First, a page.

Yes, I understand this. The concepts are not themselves so difficult, but in application it’s another story. We all fall short. That’s why we need ACIM (or some other spiritual path) in the first place, and why we need each other.

      I get what you are saying. I understand being able to love others easier than loving our self; I understand overlooking the errors in others while obsessing over my own. I don’t know what precise form self-condemnation takes for you, but the basic structure of it lives in me as well.

      Our condemnation of others and our condemnation of our self are the same thing. The object being condemned changes but the basic formula is the same thing. Condemnation is condemnation. It arises out of fear; it is a defense AGAINST fear.

      For me, that is the critical insight, right? To condemn at all – to condemn Putin or Elon Musk or my father and mother or my boss or capitalism or whatever – means that I am scared. It means that while I profess love with my mouth, my heart and mind remain shackled to fear.

      Then the question is, what do I do?

      And I think the Course is pretty clear. Figure out what the Holy Spirit is, and listen to it. Look at the fear. Don’t obsess over the symptom (the condemnation, the object of the condmenation) but go to the illness itself.

      This is closer to psychotherapy than to anything mystical, and it takes time and energy. The Holy Spirit is the therapist, and we bring our so-called problems to him. And, just like therapy, it can take a LONG time to realize the answer, and even longer to bring it into application.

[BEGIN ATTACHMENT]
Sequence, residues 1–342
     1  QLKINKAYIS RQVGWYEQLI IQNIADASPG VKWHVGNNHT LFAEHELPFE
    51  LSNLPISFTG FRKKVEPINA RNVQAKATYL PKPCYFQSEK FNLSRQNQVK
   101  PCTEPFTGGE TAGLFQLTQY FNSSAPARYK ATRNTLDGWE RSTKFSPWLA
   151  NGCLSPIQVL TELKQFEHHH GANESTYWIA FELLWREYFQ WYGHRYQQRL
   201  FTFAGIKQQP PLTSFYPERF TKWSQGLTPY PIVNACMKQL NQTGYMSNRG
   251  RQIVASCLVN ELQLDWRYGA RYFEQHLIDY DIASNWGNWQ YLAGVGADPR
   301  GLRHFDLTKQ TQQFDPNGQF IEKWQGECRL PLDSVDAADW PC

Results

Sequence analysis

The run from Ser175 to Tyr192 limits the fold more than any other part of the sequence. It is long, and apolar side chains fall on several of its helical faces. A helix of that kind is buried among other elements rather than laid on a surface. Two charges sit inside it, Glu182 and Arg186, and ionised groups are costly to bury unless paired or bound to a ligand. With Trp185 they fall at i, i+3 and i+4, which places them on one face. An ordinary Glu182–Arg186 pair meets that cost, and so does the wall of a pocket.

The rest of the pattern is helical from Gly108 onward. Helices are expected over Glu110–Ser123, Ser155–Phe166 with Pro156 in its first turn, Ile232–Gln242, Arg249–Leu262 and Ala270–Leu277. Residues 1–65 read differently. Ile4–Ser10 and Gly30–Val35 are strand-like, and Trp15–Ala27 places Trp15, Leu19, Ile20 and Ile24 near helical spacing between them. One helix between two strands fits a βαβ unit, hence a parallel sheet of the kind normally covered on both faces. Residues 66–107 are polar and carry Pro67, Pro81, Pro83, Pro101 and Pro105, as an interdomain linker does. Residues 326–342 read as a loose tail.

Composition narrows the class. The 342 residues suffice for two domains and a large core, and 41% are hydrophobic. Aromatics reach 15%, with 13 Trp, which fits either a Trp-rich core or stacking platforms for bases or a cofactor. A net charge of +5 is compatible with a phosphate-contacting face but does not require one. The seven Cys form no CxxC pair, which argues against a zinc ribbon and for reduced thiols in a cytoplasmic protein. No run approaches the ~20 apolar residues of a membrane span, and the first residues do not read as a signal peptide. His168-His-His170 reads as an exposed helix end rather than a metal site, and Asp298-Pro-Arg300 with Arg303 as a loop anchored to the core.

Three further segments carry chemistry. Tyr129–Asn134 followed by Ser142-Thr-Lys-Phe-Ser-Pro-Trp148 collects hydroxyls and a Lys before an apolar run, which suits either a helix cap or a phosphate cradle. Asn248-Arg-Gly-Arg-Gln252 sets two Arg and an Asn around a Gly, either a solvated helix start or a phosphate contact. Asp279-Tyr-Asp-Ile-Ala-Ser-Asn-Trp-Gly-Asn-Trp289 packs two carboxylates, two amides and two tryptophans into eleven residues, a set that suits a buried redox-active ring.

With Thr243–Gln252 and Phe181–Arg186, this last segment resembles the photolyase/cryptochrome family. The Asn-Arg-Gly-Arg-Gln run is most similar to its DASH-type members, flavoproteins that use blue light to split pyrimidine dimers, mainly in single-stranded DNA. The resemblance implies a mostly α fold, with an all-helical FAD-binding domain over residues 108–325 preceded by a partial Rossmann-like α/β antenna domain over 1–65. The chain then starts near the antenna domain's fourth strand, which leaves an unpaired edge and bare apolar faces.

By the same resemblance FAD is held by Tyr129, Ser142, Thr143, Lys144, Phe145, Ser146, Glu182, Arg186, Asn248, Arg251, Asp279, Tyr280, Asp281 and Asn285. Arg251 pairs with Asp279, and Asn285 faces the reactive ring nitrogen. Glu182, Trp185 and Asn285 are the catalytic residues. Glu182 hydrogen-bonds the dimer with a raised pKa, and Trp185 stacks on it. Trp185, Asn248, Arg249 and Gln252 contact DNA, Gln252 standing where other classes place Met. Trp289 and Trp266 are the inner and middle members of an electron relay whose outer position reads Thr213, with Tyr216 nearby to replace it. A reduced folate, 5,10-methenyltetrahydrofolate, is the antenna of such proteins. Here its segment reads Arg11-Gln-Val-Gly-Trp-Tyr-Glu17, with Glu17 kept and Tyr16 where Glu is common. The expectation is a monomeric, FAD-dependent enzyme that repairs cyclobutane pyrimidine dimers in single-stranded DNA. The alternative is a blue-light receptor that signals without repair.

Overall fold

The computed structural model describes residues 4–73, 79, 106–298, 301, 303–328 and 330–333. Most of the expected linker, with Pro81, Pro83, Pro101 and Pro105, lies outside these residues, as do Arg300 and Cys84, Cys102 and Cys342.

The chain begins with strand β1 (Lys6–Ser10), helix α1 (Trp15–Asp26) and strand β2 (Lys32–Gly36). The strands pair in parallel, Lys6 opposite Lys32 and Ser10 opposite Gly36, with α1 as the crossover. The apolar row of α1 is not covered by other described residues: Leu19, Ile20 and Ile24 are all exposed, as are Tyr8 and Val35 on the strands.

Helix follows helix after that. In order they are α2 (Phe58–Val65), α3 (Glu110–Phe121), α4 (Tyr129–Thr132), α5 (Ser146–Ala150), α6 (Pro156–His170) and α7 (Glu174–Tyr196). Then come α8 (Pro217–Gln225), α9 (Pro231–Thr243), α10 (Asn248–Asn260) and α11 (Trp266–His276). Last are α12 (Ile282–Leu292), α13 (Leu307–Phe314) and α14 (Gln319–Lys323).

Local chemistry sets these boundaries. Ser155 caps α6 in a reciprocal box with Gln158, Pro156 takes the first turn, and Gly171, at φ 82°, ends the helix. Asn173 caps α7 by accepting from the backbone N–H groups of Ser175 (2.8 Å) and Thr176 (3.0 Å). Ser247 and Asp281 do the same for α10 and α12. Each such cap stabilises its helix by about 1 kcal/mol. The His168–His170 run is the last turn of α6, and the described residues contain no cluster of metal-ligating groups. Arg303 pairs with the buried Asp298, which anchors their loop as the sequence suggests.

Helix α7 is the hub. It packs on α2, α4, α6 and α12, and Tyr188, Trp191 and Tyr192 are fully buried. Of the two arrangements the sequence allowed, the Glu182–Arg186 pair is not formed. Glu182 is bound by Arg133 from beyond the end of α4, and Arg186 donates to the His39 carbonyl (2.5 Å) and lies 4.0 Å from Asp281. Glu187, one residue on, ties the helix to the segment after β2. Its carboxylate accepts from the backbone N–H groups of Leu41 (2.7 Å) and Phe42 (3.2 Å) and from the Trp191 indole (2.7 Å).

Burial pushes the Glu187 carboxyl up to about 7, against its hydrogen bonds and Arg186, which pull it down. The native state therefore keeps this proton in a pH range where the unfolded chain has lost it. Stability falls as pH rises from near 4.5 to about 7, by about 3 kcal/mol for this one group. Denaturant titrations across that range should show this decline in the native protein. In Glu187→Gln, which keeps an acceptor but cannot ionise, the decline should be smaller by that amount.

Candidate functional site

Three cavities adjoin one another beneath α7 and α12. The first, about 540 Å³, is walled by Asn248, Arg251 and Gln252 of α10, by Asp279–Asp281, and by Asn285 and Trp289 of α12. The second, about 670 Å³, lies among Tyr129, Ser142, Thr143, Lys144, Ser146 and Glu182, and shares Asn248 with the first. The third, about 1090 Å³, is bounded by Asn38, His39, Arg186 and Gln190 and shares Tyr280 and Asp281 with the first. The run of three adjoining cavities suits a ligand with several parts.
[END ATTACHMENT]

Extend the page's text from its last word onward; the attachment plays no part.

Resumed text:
Are you able to discern in your mind between the Holy Spirit and the ego?

      For me, that is a critical skill we are called to develop. Once we get that, then we can begin to strengthen the relationship. We get more skillfull in a literal sense at hearing Spirit instead of ego. And Spirit always directs us in very practical (and often surprising) ways that undo fear and bring forth love.

      In a really basic way, what you are describing is the conflict between “understanding” and “application.” Understanding without application is sterile; application without understanding tends to be shallow and even naive.

      This was the distinction that Tara Singh made very very clear for me.

      So, again, I think the “answer” here is to give attention to the actual practice of discerning between the Holy Spirit and ego, and then strengthening that discernment in order to be guided away from the fear for which self-condmenation is a symptom, and towards love, which includes as equals self and other.

      My two cents! Thank you for reading and being here, Bev.

      ~ Sean